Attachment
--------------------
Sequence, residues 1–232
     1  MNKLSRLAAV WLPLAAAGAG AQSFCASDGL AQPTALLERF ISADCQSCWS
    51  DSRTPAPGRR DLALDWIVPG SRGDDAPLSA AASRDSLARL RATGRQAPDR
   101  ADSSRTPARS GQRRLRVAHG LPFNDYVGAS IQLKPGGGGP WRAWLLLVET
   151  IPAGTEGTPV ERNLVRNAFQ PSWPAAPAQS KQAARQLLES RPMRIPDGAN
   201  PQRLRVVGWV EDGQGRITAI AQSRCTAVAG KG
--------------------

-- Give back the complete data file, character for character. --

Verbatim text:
Sequence, residues 1–232
     1  MNKLSRLAAV WLPLAAAGAG AQSFCASDGL AQPTALLERF ISADCQSCWS
    51  DSRTPAPGRR DLALDWIVPG SRGDDAPLSA AASRDSLARL RATGRQAPDR
   101  ADSSRTPARS GQRRLRVAHG LPFNDYVGAS IQLKPGGGGP WRAWLLLVET
   151  IPAGTEGTPV ERNLVRNAFQ PSWPAAPAQS KQAARQLLES RPMRIPDGAN
   201  PQRLRVVGWV EDGQGRITAI AQSRCTAVAG KG